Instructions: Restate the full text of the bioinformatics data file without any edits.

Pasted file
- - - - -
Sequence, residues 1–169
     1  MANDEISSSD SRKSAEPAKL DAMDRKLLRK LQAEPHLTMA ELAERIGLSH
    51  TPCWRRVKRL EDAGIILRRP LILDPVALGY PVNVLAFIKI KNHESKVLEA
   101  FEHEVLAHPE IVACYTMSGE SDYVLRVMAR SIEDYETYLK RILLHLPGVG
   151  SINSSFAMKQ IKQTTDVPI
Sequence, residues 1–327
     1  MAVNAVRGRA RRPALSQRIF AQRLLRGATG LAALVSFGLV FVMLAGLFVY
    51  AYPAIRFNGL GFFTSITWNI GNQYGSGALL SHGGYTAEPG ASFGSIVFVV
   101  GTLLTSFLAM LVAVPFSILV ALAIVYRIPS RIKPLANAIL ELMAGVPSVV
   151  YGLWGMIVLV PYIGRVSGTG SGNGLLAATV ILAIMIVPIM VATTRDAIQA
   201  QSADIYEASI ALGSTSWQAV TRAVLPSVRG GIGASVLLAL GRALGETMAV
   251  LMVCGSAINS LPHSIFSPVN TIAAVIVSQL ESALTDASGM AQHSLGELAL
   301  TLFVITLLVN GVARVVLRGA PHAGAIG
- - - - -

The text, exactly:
Sequence, residues 1–169
     1  MANDEISSSD SRKSAEPAKL DAMDRKLLRK LQAEPHLTMA ELAERIGLSH
    51  TPCWRRVKRL EDAGIILRRP LILDPVALGY PVNVLAFIKI KNHESKVLEA
   101  FEHEVLAHPE IVACYTMSGE SDYVLRVMAR SIEDYETYLK RILLHLPGVG
   151  SINSSFAMKQ IKQTTDVPI
Sequence, residues 1–327
     1  MAVNAVRGRA RRPALSQRIF AQRLLRGATG LAALVSFGLV FVMLAGLFVY
    51  AYPAIRFNGL GFFTSITWNI GNQYGSGALL SHGGYTAEPG ASFGSIVFVV
   101  GTLLTSFLAM LVAVPFSILV ALAIVYRIPS RIKPLANAIL ELMAGVPSVV
   151  YGLWGMIVLV PYIGRVSGTG SGNGLLAATV ILAIMIVPIM VATTRDAIQA
   201  QSADIYEASI ALGSTSWQAV TRAVLPSVRG GIGASVLLAL GRALGETMAV
   251  LMVCGSAINS LPHSIFSPVN TIAAVIVSQL ESALTDASGM AQHSLGELAL
   301  TLFVITLLVN GVARVVLRGA PHAGAIG